Tan Dun | Symphonic Rock
17457
single,single-post,postid-17457,single-format-standard,not-home,ajax_fade,page_not_loaded,,wpb-js-composer js-comp-ver-4.2.3,vc_responsive

This July, Tan Dun took the stage for the Shanghai Summer Air Festival, leading the Shanghai Symphony Orchestra and the Hanggai Band in a program of Symphonic Rock.

“Symphonic Rock is a dialogue between symphony and rock ‘n’ roll,” says Tan Dun. “Bach talks to rock, Wagner to Kublai Khan. The music can contain so many different elements, and we’re taking folk to the future.”

Tan Dun has collaborated with the Hanggai Band, a Mongolian folk group, to create this unique style. They premiered the song “Semi-Conductors from Shanghai,” an exciting statement that creates synergies between the nostalgic and the futuristic, during the July 10 performance.

Tan Dun has also performed Symphonic Rock with bands from across China.
More from The New York Times.

Shanghai 1

“The Hanggai Band plays the ‘original’ rock ‘n’ roll, the folk music of Mongolia that has existed for generations. These musicians mix their 21st-century creations with folk music.”

Shanghai 2

“This kind of thinking creates a new language, one that communicates across time.”

Learn more about the Shanghai performance

Tan Dun has also come together with the Hanggai Band for a 2017 New Year’s concert. “At the concert, when the guitar started punching chords, and there was throat singing, piano, violin, cello, and Morin Khuur, all started to encounter each other across different cultures. Folk inspired rock in dialogue with symphony, bringing the audience brand new musical experiences through extreme tension. Tan Dun led the Macau Orchestra, Hanggai Band, and European performers to explore the life of sound through the dialogues with rock. The audience enjoyed the extreme joy brought to their lives by this music.” – Wen Wei Po Hong Kong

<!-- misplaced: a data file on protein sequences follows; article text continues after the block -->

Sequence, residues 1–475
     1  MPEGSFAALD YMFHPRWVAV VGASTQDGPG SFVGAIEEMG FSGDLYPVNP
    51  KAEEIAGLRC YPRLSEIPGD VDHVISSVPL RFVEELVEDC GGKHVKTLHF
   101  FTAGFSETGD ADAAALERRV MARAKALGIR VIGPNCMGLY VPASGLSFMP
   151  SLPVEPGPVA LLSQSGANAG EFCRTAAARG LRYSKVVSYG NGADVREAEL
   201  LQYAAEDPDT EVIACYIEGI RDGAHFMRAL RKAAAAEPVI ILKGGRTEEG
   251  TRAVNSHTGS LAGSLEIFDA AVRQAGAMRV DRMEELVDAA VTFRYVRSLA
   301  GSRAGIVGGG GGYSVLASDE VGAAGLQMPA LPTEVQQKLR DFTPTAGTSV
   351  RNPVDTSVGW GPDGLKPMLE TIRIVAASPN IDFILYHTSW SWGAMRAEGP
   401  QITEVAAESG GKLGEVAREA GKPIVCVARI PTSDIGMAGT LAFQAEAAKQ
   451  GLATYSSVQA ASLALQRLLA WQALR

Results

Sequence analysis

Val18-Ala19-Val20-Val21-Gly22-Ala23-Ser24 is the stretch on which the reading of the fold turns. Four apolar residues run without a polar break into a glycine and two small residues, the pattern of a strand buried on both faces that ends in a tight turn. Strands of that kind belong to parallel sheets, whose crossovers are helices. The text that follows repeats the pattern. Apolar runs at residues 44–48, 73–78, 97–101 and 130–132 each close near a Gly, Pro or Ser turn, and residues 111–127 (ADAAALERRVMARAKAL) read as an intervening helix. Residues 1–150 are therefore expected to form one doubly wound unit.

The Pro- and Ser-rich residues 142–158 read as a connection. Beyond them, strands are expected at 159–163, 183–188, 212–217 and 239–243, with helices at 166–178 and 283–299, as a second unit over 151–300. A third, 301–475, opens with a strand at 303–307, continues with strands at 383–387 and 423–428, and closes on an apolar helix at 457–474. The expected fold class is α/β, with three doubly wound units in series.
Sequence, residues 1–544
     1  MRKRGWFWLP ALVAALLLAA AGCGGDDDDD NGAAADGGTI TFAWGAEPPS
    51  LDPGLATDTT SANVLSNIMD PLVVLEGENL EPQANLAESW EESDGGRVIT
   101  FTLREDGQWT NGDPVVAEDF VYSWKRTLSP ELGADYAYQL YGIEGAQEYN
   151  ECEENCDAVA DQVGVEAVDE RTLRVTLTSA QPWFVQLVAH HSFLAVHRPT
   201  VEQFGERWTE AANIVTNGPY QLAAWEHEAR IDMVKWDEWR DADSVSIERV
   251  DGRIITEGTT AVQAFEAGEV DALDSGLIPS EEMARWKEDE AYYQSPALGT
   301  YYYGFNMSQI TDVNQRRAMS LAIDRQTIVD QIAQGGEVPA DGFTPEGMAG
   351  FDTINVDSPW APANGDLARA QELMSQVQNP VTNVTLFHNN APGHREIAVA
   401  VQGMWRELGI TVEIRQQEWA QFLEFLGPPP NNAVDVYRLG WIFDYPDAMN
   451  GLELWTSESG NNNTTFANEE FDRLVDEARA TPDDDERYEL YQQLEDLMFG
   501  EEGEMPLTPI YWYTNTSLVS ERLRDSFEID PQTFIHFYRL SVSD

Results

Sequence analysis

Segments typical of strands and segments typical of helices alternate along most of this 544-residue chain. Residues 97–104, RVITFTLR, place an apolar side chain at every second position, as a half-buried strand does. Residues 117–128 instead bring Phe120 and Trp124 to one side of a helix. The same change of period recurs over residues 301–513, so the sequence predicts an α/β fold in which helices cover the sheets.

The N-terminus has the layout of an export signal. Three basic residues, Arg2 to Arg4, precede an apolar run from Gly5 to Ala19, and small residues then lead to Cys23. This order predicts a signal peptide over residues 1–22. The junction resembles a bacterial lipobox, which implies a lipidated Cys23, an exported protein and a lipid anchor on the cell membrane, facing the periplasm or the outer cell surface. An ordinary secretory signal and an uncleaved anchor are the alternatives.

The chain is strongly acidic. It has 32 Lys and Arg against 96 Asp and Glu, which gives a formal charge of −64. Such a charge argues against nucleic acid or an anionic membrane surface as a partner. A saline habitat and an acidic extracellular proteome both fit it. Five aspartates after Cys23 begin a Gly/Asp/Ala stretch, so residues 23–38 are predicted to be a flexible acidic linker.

Get a behind-the-scenes look at the New Year’s Concert:

(“Soundcheck” by Ian Tan)

“A lot of journalists asked me why I wanted to start this rock n’ roll symphony project,” says Tan Dun. “It’s because rock always challenges society, saying ‘no’ to the social status quo, whereas symphony always holds onto tradition. But I’ve noticed something: every artist who collaborates with an orchestra has rock n’ roll spirit. Beethoven, for example, was always having dialogue with the current social issues of his time, and thus he pushed against the status quo. Symphony orchestras today lock themselves into a museum-like cage, and only play the classics. The modern voice has nothing to do with us. That is not right. We need more of a Beethoven spirit.”

Tan Dun adds, “the reason I want to perform symphonic rock ‘n’ roll is because I want young people to enter the concert hall. I want concert-goers to love new music. I want to increase the ‘spiritual GDP,’ our educational and spiritual assets.”